Photo: James Bombales
Canada’s economy has gotten off to a bumpy start in 2018, with GDP growth slumping 0.1 per cent in January after a red-hot 2017. How much of a role does the Canadian housing market have to play in the cooling period? Quite a large one, according to several economists.
Foreign buyer taxes in Toronto and Vancouver, a new mortgage stress test for uninsured buyers, and an interest rate hike have all taken their toll on the market, leading to a massive 14.5 per cent drop in national home sales in January.
Where will things go from here? To find out, BuzzBuzzNews has rounded up the latest in economic commentary, to keep you informed about what to expect next.
Inflation is creeping upwards
Canada’s annual pace of inflation jumped up in February, surprising economists who had expected it to remain quite a bit lower. The cause of the boost? You guessed it — the housing market.
“There are the uncertain drivers stemming from housing market developments [to consider],” writes Scotiabank VP and head of capital markets economics Derek Holt, in a recent note. “New home price gains peaked in the middle of last year…before pulling back…in January of this year.”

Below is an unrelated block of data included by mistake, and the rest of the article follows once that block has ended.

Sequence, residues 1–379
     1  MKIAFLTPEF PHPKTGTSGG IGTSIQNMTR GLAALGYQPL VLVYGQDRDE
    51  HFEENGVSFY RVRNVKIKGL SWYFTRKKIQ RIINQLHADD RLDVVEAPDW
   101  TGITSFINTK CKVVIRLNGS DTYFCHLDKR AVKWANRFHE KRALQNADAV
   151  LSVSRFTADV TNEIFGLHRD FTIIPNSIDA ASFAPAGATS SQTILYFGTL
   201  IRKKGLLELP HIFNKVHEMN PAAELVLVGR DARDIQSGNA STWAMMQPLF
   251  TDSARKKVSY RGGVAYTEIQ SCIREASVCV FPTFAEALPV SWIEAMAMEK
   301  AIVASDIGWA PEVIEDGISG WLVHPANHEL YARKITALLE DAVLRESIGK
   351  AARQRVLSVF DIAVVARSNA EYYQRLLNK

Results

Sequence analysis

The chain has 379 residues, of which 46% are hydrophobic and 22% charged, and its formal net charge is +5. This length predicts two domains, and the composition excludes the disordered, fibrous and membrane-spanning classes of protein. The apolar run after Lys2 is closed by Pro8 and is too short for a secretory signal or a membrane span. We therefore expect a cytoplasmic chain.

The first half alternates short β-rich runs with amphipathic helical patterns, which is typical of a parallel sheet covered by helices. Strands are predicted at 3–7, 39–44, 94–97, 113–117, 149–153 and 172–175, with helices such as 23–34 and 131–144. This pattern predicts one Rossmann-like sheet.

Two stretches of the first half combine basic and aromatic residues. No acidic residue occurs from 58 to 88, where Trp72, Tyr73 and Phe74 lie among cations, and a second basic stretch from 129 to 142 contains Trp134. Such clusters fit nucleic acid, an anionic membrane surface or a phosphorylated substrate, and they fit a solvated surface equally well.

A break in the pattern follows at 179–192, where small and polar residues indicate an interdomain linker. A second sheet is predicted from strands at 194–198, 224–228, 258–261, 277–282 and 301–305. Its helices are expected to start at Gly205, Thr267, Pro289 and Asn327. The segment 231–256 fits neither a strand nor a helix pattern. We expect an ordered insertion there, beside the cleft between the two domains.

The inflation rate currently sits at 2.2 per cent, while the Bank of Canada’s target inflation rate is 2 per cent.
According to Holt, if home prices continue to fall, it could affect other related industries, and push the inflation rate even higher.
The economy’s not doing so hot
Canada’s GDP contracted 0.1 per cent in January, marking its worth monthly performance since 2015. The reason for the contraction? Slumping manufacturing sales and the drop in January home sales.
“Don’t look to the housing market to carry the team,” writes BMO senior economist Sal Guatieri, in a note about what to expect for the Canadian economy in 2018. “It still needs to work off the speculative fervour that gripped much of Southern Ontario a year ago.”
But both home sales and GDP growth are expected to climb later in the year, once the market has adjusted to the mortgage stress test and interest rate hike.
That means that, while there won’t be a huge rebound in GDP growth next month, things will look a little less dramatic.
Canada’s global competitiveness could be in jeopardy
According to RBC Global Asset Management chief economist Eric Lascelles, all of this uncertainty could affect Canada’s global economic standing.
“Canadian competitiveness is deteriorating quickly,” he wrote this week. “The Canadian dollar should soften further in the coming year as a partial offset to this competitive shortfall.”
Lascelles writes that a cooling housing market poses a serious headwind for the Canadian economy.
“The possibility of a more intense Canadian housing slowdown [poses a problem,]” he writes. “The risk would seem to be elevated given the rapid rise of household debt in Canada in recent years and poor affordability.”
He notes that Canadians should get used to a slower economy, as the housing market likely won’t be there to prop it up.
“At a minimum it seems unlikely that housing will be able to continue driving growth artificially higher over the next decade in the way that it did over the past 10 years,” he writes.